The Braveheart Is A Lonely Hunter

“The most outlandish people can be the stimulus for love…A most mediocre person can be the object of a love which is wild, extravagant, and beautiful as the poison lilies of the swamp. A good man may be the stimulus for a love both violent and debased, or a jabbering madman may bring about in the soul of someone a tender and simple idyll. Therefore, the value and quality of any love is determined solely by the lover himself.

It is for this reason that most of us would rather love than be loved. Almost everyone wants to be the lover. And the curt truth is that, in a deep secret way, the state of being beloved is intolerable to many.”

– Carson McCullers, The Ballad of the Sad Café and Other Stories

To me, the truly amazing thing about the audio striptease that is latest Mel Gibson scandal is the fact that people continue to be surprised by his behavior. Really? There are actually people out there who did not know that Mr. Gibson is a raving, racist lunatic? I always wondered what became of the O. J. Simpson trial jurors. Now I know.

The media is fairly choked with opinion about whether Mr. Gibson is beyond redemption, mentally ill, a danger to himself and his family, or engaged in some bizarre attempt to revive his fading career. As for myself, I prefer to see Mr. Gibson through the lens of the Southern literature class I took as a junior at Yale.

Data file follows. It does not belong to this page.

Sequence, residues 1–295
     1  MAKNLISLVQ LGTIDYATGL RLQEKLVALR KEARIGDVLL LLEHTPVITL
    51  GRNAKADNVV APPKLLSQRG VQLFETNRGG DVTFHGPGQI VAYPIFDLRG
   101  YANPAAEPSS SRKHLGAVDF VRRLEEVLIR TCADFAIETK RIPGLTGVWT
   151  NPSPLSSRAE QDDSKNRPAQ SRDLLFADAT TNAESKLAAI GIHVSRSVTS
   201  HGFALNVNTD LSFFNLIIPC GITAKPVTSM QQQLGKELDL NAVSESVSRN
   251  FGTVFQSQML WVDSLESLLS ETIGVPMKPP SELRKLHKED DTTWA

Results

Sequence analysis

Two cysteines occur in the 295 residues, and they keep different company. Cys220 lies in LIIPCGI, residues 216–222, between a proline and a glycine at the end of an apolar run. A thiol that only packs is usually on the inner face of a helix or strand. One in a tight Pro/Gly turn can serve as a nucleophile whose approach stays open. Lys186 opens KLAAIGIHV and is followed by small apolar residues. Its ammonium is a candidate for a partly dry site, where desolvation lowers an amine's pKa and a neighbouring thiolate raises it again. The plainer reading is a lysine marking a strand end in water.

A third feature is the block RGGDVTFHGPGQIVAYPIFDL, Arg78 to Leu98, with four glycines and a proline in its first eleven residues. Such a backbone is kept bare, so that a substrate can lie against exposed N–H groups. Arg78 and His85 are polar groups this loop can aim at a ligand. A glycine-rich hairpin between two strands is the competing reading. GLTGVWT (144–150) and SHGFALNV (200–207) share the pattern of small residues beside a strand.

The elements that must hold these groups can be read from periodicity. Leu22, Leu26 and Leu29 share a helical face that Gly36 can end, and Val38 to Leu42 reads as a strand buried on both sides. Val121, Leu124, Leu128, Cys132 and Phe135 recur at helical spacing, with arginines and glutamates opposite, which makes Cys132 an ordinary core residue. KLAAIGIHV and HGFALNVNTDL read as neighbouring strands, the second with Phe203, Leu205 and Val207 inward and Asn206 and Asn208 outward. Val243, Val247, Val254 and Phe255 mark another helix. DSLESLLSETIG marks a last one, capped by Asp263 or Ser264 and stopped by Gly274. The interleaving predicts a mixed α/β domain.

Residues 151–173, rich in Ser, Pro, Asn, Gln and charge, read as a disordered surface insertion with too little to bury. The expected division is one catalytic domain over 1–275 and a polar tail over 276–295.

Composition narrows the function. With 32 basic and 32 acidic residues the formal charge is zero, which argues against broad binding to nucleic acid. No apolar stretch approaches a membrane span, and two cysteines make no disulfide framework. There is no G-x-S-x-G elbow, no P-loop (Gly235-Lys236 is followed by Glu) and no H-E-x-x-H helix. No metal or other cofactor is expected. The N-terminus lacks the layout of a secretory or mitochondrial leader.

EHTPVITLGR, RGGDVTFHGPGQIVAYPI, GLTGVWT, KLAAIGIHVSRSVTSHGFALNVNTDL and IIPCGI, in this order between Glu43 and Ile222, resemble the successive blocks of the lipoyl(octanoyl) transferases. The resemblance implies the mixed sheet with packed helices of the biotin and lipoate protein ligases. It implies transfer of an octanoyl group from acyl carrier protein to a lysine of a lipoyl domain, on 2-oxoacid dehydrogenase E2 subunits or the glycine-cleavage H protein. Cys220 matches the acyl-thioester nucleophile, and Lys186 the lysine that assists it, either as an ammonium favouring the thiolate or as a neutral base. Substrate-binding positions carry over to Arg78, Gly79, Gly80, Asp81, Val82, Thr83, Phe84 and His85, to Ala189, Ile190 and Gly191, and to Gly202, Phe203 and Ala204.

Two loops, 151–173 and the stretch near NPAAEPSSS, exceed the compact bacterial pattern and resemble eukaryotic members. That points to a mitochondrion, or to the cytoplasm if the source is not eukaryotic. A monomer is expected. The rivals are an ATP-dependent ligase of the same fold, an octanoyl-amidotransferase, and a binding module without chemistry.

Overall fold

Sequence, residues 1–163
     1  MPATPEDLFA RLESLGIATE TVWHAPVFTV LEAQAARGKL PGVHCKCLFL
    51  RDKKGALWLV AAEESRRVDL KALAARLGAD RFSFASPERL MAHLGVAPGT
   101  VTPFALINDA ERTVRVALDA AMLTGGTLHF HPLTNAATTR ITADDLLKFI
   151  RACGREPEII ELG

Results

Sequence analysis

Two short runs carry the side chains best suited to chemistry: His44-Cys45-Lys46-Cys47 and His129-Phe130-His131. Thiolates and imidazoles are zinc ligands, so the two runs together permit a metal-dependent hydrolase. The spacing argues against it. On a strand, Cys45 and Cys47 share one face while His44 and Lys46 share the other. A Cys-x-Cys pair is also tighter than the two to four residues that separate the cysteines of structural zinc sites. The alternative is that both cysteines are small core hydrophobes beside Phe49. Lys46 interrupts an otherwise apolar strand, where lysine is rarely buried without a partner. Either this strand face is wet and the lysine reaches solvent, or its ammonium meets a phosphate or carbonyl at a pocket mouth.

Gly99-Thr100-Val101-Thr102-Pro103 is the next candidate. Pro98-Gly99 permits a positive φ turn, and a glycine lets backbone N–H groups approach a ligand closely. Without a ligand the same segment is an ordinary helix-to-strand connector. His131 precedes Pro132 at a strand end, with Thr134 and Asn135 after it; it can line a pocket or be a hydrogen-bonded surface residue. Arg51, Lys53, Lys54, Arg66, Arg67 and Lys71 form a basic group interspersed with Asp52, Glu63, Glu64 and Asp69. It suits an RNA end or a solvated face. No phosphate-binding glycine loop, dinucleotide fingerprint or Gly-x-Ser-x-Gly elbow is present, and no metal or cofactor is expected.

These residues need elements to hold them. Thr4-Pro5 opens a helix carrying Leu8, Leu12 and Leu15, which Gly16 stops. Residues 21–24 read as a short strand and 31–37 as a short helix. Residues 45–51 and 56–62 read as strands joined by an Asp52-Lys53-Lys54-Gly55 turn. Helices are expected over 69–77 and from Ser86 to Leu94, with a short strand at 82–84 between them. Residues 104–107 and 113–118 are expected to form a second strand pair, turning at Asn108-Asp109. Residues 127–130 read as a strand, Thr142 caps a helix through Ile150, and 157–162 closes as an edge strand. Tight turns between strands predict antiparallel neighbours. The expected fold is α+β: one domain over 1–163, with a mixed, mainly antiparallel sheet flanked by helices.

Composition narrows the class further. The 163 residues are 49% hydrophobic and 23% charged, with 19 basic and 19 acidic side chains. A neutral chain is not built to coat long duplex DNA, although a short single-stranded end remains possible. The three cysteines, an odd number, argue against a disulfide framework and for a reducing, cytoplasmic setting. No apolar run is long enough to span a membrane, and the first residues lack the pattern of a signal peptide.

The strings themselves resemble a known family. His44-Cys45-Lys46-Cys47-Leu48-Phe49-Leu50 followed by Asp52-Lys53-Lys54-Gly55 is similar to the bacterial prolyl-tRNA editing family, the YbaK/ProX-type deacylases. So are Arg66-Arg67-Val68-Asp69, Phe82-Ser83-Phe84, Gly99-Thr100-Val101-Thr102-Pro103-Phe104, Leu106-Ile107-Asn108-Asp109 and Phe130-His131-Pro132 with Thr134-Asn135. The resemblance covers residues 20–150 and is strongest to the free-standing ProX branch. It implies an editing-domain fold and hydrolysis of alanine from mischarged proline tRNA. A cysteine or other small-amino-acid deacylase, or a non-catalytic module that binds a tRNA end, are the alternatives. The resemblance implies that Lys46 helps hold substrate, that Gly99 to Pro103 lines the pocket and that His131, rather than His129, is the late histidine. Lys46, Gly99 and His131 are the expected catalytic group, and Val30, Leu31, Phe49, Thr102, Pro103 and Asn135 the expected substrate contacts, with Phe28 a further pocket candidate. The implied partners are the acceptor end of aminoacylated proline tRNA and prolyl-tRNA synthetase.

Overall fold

Under the marvelous tutelage of Professor Candace Wade, my classmates and I hiked through the tortured and magnificently layered landscape of the giants of Southern literature including, of course, William Faulkner, Eudora Welty, Carson McCullers, Robert Penn Warren, and Harper Lee. Never before had I been simultaneously so proud and terrified of my Southern heritage. Among the many things that I remember from that class is the Southerner’s unique approach to dealing with crazy people. (It was the 80s. We were not burdened by political correctness back then.) To paraphrase Professor Wade, whom I believe was quoting Eudora Welty (or was it Julia Sugarbaker?), “In the South, we do not hide our crazy people in the attic. We put them on the front porch for everyone to see.” Would anyone be paying attention to Mr. Gibson if he were, say, Mary Susan’s odd Uncle Mel who liked to sit on the porch, drink beer, and yell obscenities at passersby – and not a Hollywood star? Probably not. Indeed, Mary Susan might even try to dress Uncle Mel up on occasion and take him to church, and then to Sunday dinner at the widow Taylor’s house. Uncle Mel is, after all, still family.

I do not, of course, mean to imply at all that Mr. Gibson should be given a pass for his despicable behavior, or that the allegations of domestic abuse should be taken lightly. The proper authorities need to do their jobs; and Mr. Gibson should seriously consider finding someone who can help him deal with the issues that repeatedly erupt with such disturbing fury. In the meantime, he should stay off the telephone and away from the cameras. And, if possible, he should also find a shady porch, a nice rocking chair, a cold glass of lemonade, and some Ritz crackers. If he is going to be crazy, why not do it in style?

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You Can’t Come Home Again

“It’s a great shock at the age of five or six to find that in a world of Gary Coopers—you are the Indian.” – James Baldwin

The arrest of Harvard professor Henry Louis Gates as he tried to enter his own home last week marks the official end of the post-racial honeymoon that followed the election of President Barack Obama.  Black is now the same old Black, especially if you are also male.